The survey also verified the transformative effect of contact between the two communities. According to the survey, which showed that three fourths of the total 1,000 respondents had contact with someone from the other community, positive and neutral contact were associated with a higher support for solution, while negative experiences did not negatively affect support. Turkish Cypriots engaged in recent contact with the Greek Cypriot community were 39 per cent more likely to vote “yes” in a referendum compared with those without recent contact, while Greek Cypriots engaged in recent contact with Turkish Cypriots were 32 per cent more likely to vote “yes” in a referendum.
Contact also made a dramatic difference for most of the groups within each community that are least likely to vote “yes” in a referendum. According to the survey, while 48.7 per cent of the financially vulnerable Turkish Cypriots without contact with Greek Cypriots would say “yes” in a referendum, 61 per cent of the financially vulnerable Turkish Cypriots with contact with Greek Cypriots would say “yes”. Only 37.2 per cent of financially vulnerable Greek Cypriots without contact with Turkish Cypriots would vote “yes,” while over 71.5 per cent of financially vulnerable Greek Cypriots with contact with Turkish Cypriots would vote “yes”.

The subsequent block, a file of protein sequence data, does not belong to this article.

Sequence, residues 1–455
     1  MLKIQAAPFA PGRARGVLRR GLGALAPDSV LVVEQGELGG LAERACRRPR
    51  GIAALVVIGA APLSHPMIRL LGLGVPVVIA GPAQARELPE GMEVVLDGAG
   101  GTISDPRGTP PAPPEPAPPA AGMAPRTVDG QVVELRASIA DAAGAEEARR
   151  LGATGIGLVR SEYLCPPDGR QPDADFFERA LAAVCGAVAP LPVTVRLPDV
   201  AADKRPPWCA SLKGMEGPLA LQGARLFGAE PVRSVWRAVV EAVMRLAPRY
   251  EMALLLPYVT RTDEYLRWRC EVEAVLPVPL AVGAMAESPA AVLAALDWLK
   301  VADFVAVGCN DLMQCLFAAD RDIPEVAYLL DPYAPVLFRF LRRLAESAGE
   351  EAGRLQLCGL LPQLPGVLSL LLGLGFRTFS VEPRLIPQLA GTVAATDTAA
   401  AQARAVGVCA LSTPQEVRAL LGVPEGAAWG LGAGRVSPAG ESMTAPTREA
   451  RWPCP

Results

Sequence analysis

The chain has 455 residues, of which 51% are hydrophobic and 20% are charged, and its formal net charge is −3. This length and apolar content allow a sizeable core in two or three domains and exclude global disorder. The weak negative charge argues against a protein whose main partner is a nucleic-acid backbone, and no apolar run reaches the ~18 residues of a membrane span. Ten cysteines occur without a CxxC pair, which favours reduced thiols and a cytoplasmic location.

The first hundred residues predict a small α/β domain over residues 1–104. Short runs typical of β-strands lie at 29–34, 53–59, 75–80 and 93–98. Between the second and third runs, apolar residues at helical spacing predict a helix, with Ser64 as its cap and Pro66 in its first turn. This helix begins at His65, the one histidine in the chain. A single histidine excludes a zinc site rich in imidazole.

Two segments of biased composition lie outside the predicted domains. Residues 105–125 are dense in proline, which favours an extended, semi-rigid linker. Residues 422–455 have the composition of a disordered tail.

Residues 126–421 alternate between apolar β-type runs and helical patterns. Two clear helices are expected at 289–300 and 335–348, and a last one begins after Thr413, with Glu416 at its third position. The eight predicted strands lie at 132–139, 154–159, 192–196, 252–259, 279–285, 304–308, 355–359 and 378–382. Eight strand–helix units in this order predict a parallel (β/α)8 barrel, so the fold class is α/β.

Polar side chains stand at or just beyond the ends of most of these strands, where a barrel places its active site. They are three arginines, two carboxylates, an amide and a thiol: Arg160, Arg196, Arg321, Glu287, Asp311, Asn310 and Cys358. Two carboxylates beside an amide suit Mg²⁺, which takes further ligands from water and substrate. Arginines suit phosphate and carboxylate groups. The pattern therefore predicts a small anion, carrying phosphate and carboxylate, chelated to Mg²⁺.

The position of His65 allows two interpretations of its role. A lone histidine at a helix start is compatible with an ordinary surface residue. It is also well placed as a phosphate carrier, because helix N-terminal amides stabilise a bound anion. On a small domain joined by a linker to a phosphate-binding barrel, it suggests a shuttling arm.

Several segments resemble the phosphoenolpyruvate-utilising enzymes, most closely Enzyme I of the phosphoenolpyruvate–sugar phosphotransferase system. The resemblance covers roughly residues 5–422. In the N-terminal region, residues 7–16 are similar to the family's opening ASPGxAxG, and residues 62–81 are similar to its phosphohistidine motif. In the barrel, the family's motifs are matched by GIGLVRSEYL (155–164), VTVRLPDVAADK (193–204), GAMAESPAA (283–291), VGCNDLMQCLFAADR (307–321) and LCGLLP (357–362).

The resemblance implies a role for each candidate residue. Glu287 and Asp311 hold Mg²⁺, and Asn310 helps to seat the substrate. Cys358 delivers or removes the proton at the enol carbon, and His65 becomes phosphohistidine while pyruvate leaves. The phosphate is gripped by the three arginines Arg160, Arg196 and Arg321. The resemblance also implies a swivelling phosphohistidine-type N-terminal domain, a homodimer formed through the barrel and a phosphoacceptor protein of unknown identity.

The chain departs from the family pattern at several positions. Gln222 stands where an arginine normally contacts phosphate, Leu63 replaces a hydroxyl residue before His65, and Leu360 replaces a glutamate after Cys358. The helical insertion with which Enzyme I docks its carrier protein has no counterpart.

The survey found that 48.8 per cent of Turkish Cypriot youth without contact with Greek Cypriots would vote “yes” in a referendum, while support for a “yes” vote among those with contact increased to 76.4 per cent. In the Greek Cypriot community, about 40 per cent of youth without contact with Turkish Cypriots would vote “yes”, while almost 60 per cent of youth with contact with Turkish Cypriots would vote “yes.”
Contact increased support for a “yes” vote among Turkish Cypriot females from 52.8 per cent to 76 per cent. For the Greek Cypriot females, support for a “yes” vote among those with contact with the Turkish Cypriots only increased by about 2.2 percentage points compared with those without contact.
According to the report, which also includes comparative data from recent years, there has been a whopping 173 per cent increase in the number of cars crossing from the Greek Cypriot side to the Turkish Cypriot side since 2015. The increase in the number of cars crossing from the Turkish Cypriot side to the Greek Cypriot side in the same period was 22 per cent. The report includes that Greek Cypriots spent 15.4 million euros in the north, while Turkish Cypriots spent 17.6 million euros in the south in 2018.
The survey also showed that the willingness of respondents from both communities to vote “yes” in a referendum increased when they were informed. For example, when they were told that there is widespread support for a solution across both communities, the percentage of Turkish Cypriots, who would vote “yes” in a referendum increased from 57.5 per cent to almost 60 per cent, while the percentage of Greek Cypriots increased from 44.8 per cent to over 50 per cent, which would be the required majority to pass a settlement in a referendum.